Contrary to accepted practice we have includeJonly a minimum number
.' ' ofreferen~-~; ins1ead, we have given a sclce!Cd bibliography lO each subject
through which the interested ce.tder may find all pertinent infoIT0.3tion. lt
is. howcvu , expec1ed thnt lhe ::iiw1cnL is famjJiar or is concurrently taking
.. a course on modern physics. The usual mathematical level of culcului- is
considered as a prerequisite and is freely used throughout.
As meotiooed before, modcnl commercial equipment is used whenever
practicable: this is I.he same rype of equipm~t ~ used in present-day
research and frequently is the basis for a succ~ ...ful c.eaching laboratory.
ll true. however, thnr similar equipmcnl can be obmined from several
manufacturers and thru special apparatus is preferably built in one's own
::shop. \Ve do have on file the prinL-t of all such special equipment and wc
will be glad to supply them oo rcqucs1.
The list of experimcnLS in this rexr is not complete. For cx3mr,le, we
bave not included a discu.~~ion of ''cohereol scau.cring" (diffraction) exper-
iments. of ..electromagnetic spectrometers." and of "visual techniques"·
(bubble chamber. spark chamber, and nuclear emulsion) in spice of 1heir
succe&sfol performance by sever.Ii :ilu,J,..·nu. \Ve bope to be able to remedy
these omic;sions in a future edition. We also realize lhnt io some c~~ u
bcue.r, or more educational. technique might be avaifoble for the experi-
ments presented here. \Ve would be grateful co our readers if they wish to
indicate to us these alternatives.
,n,n; Pref ace from the First Edition

rn line with oor original ill teotion > all the data and ro.~ults pl'esentcd
in this book were obtained by students of the "Senior Ulhoratory" of the
University of Rochester and the approprfatc credit js given in the lext. The
resu1ts presented here could not have been achieved without the suppon of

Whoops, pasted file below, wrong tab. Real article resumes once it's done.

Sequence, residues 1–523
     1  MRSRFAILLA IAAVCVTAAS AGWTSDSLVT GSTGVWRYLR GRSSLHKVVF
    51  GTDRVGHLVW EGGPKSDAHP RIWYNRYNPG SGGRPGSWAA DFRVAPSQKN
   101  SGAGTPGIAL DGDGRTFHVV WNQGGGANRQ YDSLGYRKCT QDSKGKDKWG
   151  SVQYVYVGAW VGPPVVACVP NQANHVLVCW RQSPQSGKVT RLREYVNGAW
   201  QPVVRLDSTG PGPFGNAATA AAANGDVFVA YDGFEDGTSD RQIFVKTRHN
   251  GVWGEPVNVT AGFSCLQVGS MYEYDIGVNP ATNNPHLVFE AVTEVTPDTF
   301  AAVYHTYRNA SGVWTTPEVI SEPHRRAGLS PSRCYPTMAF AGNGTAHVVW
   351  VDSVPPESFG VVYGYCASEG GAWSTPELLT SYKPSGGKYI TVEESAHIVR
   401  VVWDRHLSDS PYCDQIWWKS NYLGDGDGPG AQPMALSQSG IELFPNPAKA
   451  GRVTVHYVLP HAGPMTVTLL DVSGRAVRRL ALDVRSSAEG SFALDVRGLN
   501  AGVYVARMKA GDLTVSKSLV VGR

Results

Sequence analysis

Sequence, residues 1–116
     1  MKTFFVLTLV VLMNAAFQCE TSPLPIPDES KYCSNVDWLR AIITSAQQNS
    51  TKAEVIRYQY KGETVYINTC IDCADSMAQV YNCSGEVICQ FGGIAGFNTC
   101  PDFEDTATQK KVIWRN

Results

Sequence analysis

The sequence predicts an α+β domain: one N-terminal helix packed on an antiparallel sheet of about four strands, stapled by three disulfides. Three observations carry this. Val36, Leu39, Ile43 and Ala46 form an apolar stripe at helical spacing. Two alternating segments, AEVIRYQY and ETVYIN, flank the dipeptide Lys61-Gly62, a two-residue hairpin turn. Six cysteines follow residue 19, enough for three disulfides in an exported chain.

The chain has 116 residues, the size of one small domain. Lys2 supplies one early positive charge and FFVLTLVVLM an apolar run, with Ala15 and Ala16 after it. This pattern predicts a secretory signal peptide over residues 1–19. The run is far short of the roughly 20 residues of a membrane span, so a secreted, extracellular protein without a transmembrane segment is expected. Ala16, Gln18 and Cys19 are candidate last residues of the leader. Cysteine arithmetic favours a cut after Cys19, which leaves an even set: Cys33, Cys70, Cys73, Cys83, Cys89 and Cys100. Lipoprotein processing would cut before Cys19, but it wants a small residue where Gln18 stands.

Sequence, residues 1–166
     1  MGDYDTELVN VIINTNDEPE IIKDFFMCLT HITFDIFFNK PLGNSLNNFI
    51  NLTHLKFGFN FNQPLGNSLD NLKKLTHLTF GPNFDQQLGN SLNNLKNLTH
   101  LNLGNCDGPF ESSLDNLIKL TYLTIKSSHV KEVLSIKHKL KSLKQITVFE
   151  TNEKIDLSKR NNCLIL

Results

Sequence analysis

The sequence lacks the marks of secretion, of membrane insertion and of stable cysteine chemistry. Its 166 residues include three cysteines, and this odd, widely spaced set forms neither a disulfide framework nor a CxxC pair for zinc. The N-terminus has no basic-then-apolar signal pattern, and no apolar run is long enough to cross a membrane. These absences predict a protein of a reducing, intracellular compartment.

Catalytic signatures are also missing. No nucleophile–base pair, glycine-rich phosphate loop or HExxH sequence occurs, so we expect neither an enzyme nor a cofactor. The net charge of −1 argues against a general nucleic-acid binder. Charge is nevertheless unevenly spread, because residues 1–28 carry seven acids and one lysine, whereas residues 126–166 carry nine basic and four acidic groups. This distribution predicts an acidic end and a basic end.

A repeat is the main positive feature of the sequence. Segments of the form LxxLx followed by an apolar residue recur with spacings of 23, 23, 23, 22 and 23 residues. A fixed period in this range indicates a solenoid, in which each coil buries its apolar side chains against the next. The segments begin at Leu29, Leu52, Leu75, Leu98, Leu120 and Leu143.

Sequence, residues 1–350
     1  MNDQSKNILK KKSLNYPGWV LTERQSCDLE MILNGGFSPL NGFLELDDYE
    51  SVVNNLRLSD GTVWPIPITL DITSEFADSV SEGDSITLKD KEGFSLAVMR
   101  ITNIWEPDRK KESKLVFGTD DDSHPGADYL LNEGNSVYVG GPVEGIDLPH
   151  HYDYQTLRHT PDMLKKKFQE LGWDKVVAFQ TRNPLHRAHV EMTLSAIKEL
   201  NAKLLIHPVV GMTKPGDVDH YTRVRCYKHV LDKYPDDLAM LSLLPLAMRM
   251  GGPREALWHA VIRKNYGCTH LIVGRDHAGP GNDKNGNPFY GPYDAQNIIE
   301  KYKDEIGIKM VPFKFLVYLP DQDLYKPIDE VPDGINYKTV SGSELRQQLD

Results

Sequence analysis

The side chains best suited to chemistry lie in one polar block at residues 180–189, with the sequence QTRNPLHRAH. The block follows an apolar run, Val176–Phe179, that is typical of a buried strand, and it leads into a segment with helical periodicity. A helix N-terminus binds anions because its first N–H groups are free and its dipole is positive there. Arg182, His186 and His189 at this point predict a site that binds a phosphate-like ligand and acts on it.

the Physics Dcpartm~nt of the University af Rochester; also major equlp--
tnent was purchased tJuough a grant from the Unired States Atomic Energy
Commission and a matching funds giant from the National Science Foun-
dation4As is a! ways the case. whatever success this !aborJtory did enjoy is·
due to the oombined effons of many individuals. a large pan of which wa.~
supplied by the pMticipating srudenl~- It is a special pleasure to thank from
ht--re the gradua(e assi~tants during lhe 1959-1963 period. On;, E.. Griffin,
J. Robbins, J. Mocheli and J. Reed, fortbeircontributions to the laboratory.
More than to anyone else 1.he laboratory is indebted to Mr. F. L Reynolds.
who has been in charge of aU technical mauen, and hes.~ kept the equipment
io operating condition; 1 wish to expre..~s to him my personal gratituuc
for his friendship nrul for many heJpful suggestions connected with this
text I alM<> wish lo acknowledge discussions with many of my c;oJleagues
in Rochester and, in panicular, Dr. W. P. Alford. Dr. M.. F. Kap!on., and
Dr. R. E. Mars;hak.
In the preparation of the manuscript [ benefited from the an work of
Mcs6rs. Yu-Chang Lee. W. Stinson, and J. Pinero; most of the manuscript
was typed by Mrs. B. M. ~1anh.. and to all of lhem r express my appreci-
ation for their excellent work. [ am al oo indebted to the folJowing of rny
coUeagues for reading early parts of the manuscript and making many valu-
able suggestions and corrections: Dr. P. Baumeister on Chapter 2; Dr. T.
Castner oo Chapter 3; Dr. D. Cline on Chapter 5; Dr. R Ellsworth OD
Ch.ipter 6; De. L. Bradley oo Chapter 7; lvlr. C. Cook on Chapter 8; &ad
Dr. J. Reed OD Chapter 9. Still, howevc:rt the respon'sibHity for all crron;
is mine and I would appredate it if the readers could indicate thern to me.
Finally, l would like to dutnk my wife, Joyce, for her encouragement and
a5j;istance during the course of this w'Ork.

Rochestet; New York
........ .
,,, .... .. ....
".. '

4 • •
.. . ..

... . Experiments on
... '

....... . '
....' .



A defining characteristic of prostnl-day physjcs is that many of the quat1-

I '
tilic~ ured to describe physical pbenomeoa are quantized. That i~) such
quantities cannot take any one of a L'Ontinuum of values.. but are rc~tricted
to a .set (perhaps ao infinite set) of discrete value~. Common ex.antples ore
the intensity of radiation of the electromagnetic field. the energy of atomic
systems, or the electric chafEe. Strong evidence for such quantization is
obtained from e>tptriments that will be ~,;cribed in this chapter:
(a) Millilam's experiment by which the chnrge on iodh· oil dropleL~
is measured. The experiment shows that the charge is always an integer
multi pie of lhe smalles t charge ob served; this is identified with the charge
of lhe electron.